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A new fact-checking framework

We have created a framework for fighting misinformation, based on best practices from several disciplines, fact-checking and media and information literacy.

This new framework follows the strategy of the World Health Organization and will serve primarily as a practical tool for the general public, rather than for high-level stakeholders - because one of the objectives of COVID-19 Facts is to equip everyone against misinformation. And that's not all: true to our principles, the new framework also serves as a guide for our fact-checking methodology. 

When information lands in your inbox or on your feed, or if you watch it on television, you can just go through the FACTS Framework for Fighting Misinformation and Disinformation.


Flag: Filter the information you receive and flag sources that don’t seem credible. And flag information which may appeal to your beliefs, elicit an emotional reaction or seems too good to be true. Don’t share information or news if you don’t have time to check it out properly.
Analyze:It’s important to first check whether a source is credible and reliable or not. Does this source have a history of sharing inaccurate information? Are they knowledgeable enough about a topic to speak about facts regarding that topic? Then, you can analyze whether the information they shared is accurate and based in science and on facts. For example, you can do a reverse image search in a browser to see if the association between an image and a statement is taken out of context. You can go to reliable sources of information like the World Health Organization, the US Centers for Disease Control and Prevention, and your government’s official website to get accurate information on COVID-19.
Correct:Compare the information you received and read with the information from reliable sources. Are there discrepancies? If three reliable and official sources state something, and a social media post from an unknown person states something else, there’s a high likelihood the information from the unknown person on social media is inaccurate and misleading. If the reliable sources offer facts that don’t align with your beliefs, check yourself before you dismiss those facts: am I dismissing the facts because I don’t agree with them/they don’t fit with my view of the world? What is the responsible thing to do in this space, dismiss facts and nurture my world view, or examine my world view and shift it based on science and facts?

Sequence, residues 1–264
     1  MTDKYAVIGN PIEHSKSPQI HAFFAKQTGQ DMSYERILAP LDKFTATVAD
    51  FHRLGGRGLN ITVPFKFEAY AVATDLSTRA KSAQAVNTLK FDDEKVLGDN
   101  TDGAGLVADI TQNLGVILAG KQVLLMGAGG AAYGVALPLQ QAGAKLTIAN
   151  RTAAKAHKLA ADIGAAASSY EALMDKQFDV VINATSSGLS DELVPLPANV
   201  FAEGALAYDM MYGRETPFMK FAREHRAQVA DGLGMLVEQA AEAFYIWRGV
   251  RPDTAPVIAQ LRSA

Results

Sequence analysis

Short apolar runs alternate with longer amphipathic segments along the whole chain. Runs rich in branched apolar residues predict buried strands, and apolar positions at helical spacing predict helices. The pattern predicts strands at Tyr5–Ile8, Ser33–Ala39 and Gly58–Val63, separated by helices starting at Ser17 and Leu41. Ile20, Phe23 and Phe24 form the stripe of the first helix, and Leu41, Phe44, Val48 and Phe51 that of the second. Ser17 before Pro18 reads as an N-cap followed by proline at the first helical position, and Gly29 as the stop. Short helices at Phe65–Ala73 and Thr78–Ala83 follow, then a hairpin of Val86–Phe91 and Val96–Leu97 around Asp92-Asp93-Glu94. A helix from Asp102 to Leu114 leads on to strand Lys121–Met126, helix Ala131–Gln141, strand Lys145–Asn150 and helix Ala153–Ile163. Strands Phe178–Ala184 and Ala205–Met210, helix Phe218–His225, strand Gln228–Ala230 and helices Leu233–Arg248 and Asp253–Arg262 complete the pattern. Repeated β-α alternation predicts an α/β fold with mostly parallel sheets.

Transform: Transforming the accurate information into something that is easily understood is equally important. First, ask yourself who you want to share the corrected information with. Are they likely to want a lot of explanations, or do you need to make things very simple? Do they respond to analogies or should your communication be straight-forward? Are you communicating to a large group of diverse people, on a social media account, for example? Or are you speaking with kids? Adapt your communication to the context.
Share: Ask yourself why you want to share the information. Only share if you’ve gone through the previous steps (Flag, Analyse, Correct, Transform) and you’re sure the information you’re about to share is solid and based on facts. When you share accurate and correct information, be mindful of your tone. And it’s not a good idea to share an inaccurate or misleading post on your social media account, even if you write a comment denouncing it. You can refer to it but don’t share the original post.



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